cpMYO cells: 

Commercially prepared myometrial cells

pLYO cells: 

Freshly prepared primary leiomyoma cells

pMYO cells: 

Freshly prepared primary myometrial cells

3’-UTRs: 

3’-untranslated regions

RECK: 

Reversion-inducing cysteine-rich protein with Kazalmotifs

E: 

Estrogen

P: 

Progesterone

ECM: 

Extracellular matrix

IHC: 

Immunohistochemistry

FBS: 

Fetal bovine serum

BSA: 

Bovine serum albumin

TBST: 

Tris-buffered saline and Tween-20

DAB: 

3,3′-diaminobenzidine

Declarations

Acknowledgments

Not applicable.

Funding

This work was supported, in part, by the Vincent Memorial Research Funds. Dr. Guan was supported by grants from the Scientific and Technological Project of Henan Province (NO. 201203049). Support was provided in part by the Merck Serono China Research Fund for Fertility. All funding supported, in part, the efforts of authors in conducting experiments and data collection.

Availability of data and materials

Readily reproducible material/data available upon request.

Authors’ contributions

YG, BRR, and AKS conceived and designed the study. YG, LG, LZ, BRR, and AKS performed all experiments. YG, BRR, and AKS analyzed, interpreted data and wrote the manuscript. All authors read and approved the final manuscript.

Competing interests

The authors declare that they have no competing interests.

Consent for publication

Not applicable.

Ethics approval and consent

This study was approved by the Partners Healthcare Institutional Review Board (Protocol # 2012P001680).

Open AccessThis article is distributed under the terms of the Creative Commons Attribution 4.0 International License (http://creativecommons.org/licenses/by/4.0/), which permits unrestricted use, distribution, and reproduction in any medium, provided you give appropriate credit to the original author(s) and the source, provide a link to the Creative Commons license, and indicate if changes were made. The Creative Commons Public Domain Dedication waiver (http://creativecommons.org/publicdomain/zero/1.0/) applies to the data made available in this article, unless otherwise stated.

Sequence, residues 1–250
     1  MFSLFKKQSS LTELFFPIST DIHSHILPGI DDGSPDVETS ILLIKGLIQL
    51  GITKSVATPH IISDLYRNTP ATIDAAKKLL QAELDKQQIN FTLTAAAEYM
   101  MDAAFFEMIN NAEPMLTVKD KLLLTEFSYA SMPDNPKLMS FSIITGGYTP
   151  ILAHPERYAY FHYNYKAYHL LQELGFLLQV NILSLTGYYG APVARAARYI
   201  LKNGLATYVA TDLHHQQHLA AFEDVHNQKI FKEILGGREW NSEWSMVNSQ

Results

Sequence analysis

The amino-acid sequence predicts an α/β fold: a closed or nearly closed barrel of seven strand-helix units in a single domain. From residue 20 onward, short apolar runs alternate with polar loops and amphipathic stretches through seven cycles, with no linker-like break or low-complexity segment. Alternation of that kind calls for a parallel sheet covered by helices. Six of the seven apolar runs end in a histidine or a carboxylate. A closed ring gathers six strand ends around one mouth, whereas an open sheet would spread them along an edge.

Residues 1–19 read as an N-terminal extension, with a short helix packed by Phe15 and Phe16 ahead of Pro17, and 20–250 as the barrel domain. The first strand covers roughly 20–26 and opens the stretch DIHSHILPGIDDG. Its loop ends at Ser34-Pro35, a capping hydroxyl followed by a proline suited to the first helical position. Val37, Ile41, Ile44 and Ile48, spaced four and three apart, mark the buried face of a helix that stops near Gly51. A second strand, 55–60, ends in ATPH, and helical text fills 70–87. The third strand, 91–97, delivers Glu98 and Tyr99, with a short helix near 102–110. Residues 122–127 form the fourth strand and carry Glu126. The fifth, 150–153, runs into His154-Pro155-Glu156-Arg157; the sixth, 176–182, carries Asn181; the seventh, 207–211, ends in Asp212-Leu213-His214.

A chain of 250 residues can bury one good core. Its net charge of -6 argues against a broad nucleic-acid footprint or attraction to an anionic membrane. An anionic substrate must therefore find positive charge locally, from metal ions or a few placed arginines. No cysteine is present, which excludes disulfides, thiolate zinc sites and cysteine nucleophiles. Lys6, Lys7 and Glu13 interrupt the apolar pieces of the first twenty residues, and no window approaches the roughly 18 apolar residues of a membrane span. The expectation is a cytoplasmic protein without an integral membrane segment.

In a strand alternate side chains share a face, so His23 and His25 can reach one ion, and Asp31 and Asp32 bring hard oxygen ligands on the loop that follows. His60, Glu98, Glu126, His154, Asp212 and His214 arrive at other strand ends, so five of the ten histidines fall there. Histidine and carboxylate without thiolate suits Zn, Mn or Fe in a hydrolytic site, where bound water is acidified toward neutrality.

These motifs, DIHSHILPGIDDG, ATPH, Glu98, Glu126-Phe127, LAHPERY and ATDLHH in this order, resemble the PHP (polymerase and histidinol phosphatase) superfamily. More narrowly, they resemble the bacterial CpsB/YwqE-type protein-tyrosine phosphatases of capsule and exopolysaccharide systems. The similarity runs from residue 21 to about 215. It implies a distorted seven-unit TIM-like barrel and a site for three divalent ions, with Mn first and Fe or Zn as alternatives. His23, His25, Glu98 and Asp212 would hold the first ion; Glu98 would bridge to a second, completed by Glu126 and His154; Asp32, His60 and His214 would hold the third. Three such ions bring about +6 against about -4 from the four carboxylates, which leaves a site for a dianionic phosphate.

Authors’ Affiliations

(1)
Center for Reproductive Medicine, The Third Affiliated Hospital of Zhengzhou University
(2)
Vincent Department of Obstetrics and Gynecology, Vincent Center for Reproductive Biology, Massachusetts General Hospital
(3)
Department of Pathology, Massachusetts General Hospital
(4)
Departments of Obstetrics, Gynecology, and Reproductive Biology, Harvard Medical School

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Copyright

© The Author(s). 2016